Taste of Texas: Austin Real Estate Market | Think Realty
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Taste of Texas: Austin Real Estate Market

Austin real estate

Austin: A Great Place to Work and Live

Everything’s big in Texas, including the foreclosure auctions.

A total of 27,324 Texas properties were scheduled for public foreclosure auction in the first 11 months of 2018, the most of any state and accounting for one in 10 scheduled foreclosure auctions nationwide, according to ATTOM Data Solutions.

Texas foreclosure auctions are on track to increase 12 percent in 2018 compared to 2017, the first annual increase since 2014 but still well below the peak of more than 126,000 scheduled foreclosure auctions in 2006. In Texas, foreclosure auctions are on the courthouse steps on the first Tuesday of each month.

“There’s not as many foreclosures as we used to have. People fly in from other states to Dallas, Austin and Houston for the day and then fly home. They show up and bid on a couple hundred properties in Texas,” said Aaron Amuchastegui, co-founder of HomeRock, LLC, who, with his support team, prepares a list of potential properties in those three metro areas to bid on every month. “The trick is having a big list when you come in. Most investors target three or four counties a month.”

With an estimated population gain of 1.34 percent in 2018, not only is Texas the home to 8.75 percent of the nation’s population, it’s also a very popular state for people to relocate, according to a state migration study published by LendingTree.

Based on the study of 2 million purchase mortgage requests, Texas is a top destination choice for people thinking about moving out of state from Colorado, New Mexico, California, Louisiana, Arkansas and Oklahoma. Texas also had the highest percentage (93.4 percent) of residents applying for a purchase mortgage who wanted to remain within the state’s borders.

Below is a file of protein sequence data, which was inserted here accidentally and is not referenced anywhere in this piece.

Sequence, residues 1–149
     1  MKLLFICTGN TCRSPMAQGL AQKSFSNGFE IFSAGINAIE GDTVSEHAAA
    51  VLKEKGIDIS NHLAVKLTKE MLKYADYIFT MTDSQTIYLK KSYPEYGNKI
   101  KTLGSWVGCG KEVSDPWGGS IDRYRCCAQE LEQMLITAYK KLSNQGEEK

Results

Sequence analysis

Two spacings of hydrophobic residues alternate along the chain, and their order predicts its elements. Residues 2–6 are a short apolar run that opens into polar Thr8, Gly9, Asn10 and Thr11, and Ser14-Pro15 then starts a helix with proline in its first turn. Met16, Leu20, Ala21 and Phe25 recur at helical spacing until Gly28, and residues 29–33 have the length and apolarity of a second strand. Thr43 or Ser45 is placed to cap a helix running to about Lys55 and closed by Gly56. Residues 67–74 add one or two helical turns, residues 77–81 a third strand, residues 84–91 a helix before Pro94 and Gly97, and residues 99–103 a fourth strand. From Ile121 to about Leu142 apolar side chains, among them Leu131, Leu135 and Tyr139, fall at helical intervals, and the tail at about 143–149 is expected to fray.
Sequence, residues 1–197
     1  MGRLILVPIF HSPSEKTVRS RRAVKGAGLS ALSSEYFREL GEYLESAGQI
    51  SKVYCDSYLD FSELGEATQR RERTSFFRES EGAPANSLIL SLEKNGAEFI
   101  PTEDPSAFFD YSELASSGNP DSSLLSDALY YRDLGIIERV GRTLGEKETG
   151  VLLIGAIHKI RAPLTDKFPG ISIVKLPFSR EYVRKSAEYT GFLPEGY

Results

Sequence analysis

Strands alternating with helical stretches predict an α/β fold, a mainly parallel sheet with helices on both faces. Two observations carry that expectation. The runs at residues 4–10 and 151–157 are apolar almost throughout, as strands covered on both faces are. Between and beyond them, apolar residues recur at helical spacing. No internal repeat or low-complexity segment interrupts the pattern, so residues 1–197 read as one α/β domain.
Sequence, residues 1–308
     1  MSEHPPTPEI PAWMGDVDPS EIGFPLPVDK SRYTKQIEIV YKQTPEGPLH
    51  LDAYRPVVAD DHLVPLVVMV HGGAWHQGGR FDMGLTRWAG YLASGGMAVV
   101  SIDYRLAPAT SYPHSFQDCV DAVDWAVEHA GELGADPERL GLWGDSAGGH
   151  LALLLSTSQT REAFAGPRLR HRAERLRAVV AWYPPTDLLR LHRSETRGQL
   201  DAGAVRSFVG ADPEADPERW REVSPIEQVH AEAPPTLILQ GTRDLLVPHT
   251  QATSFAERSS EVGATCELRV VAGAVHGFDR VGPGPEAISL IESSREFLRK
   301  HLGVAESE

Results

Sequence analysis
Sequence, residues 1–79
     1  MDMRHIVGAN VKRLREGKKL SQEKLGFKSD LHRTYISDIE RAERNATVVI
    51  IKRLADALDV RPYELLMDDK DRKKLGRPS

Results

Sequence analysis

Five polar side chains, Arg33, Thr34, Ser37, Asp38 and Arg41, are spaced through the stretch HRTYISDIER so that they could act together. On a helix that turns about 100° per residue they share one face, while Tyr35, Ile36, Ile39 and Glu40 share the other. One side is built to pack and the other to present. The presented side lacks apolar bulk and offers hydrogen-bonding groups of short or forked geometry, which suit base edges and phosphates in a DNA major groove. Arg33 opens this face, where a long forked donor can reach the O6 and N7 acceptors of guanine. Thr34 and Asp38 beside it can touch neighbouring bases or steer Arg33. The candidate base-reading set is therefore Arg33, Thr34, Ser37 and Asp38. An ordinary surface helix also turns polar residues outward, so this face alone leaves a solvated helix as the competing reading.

Statewide unemployment, which most recently topped out at 8.3 percent between August 2009 and March 2010, has dramatically dwindled to 3.7 percent as of November 2018.

Between population growth and job growth alone, it is easy to understand why Texas has been, and continues to be, a popular place for investors looking for passive income from long-term cash flow and appreciation.

“The only downside with investing in Texas is the property taxes are really high,” said Amuchastegui. “But it is a landlord-friendly state. You can evict someone in just two to three weeks.”

With the help of data and local market experts, I’ve assessed real estate investing opportunities in the state’s five largest metro areas — Austin, Dallas, El Paso, Houston and San Antonio.

JanNov2018_Scheduled_Foreclosure_Auctions

Austin: A Great Place to Work and Live

U.S. News & World Report ranked it the top place to live in the U.S. for 2018.  More than just the state capital, Austin is the 11th largest city in the country. Everything considered, it is no wonder that Austin is a popular place for flipping as well as buying and holding rental properties.

Named the eighth fastest growing city in the country in 2018 by Forbes, Austin has a very stable tenant pool to draw from thanks to population growth and low unemployment, which remained at 2.7 percent in October 2018, unchanged from 2017.

The number of jobs in Austin grew by 3.88 percent during the same 12 months and is up 20.5 percent over the past five years, according to statistics provided by Dr. Ted Jones, chief economist and senior vice president at Stewart Title Guaranty Company.

In November 2018, ATTOM Data Solutions reported a 42 percent year-over-year increase in foreclosure auctions in Austin, and foreclosure auctions — which start the foreclosure process in Texas — were up 31 percent through the first 11 months of the year compared to the same period in 2017.

“A few years ago, Austin was much more affordable than the rest of the U.S. You could get more bang for your buck two to three years ago. Now investors are coming into a market that’s been booming for a couple of years,” said Amuchastegui.

While the main city centers are no longer affordable as they once were, he noted that investors who are coming in to look for bargain properties need to go 30 minutes outside of Austin’s city core to get more house for not as much money.

The median sales price for a home in the Austin metro area in Q3 2018 was $310,000, down 1.3 percent from the previous quarter but still 5.4 percent above the same quarter a year ago. In Travis County, ATTOM Data Solutions reported a median sales price of $350,000, a 5.0 percent yearly increase and up 141 percent increase from the county’s home price trough in Q1 2008.

Amuchastegui said his target price for rental properties close to the city core is $250,000 and $125,000 for those 30 minutes outside the city center.

ATTOM reported the monthly rent for a three-bedroom single-family home in Travis County rose 4 percent in 2018 to $1,812 a month for a potential annual gross rental yield of 6.3 percent.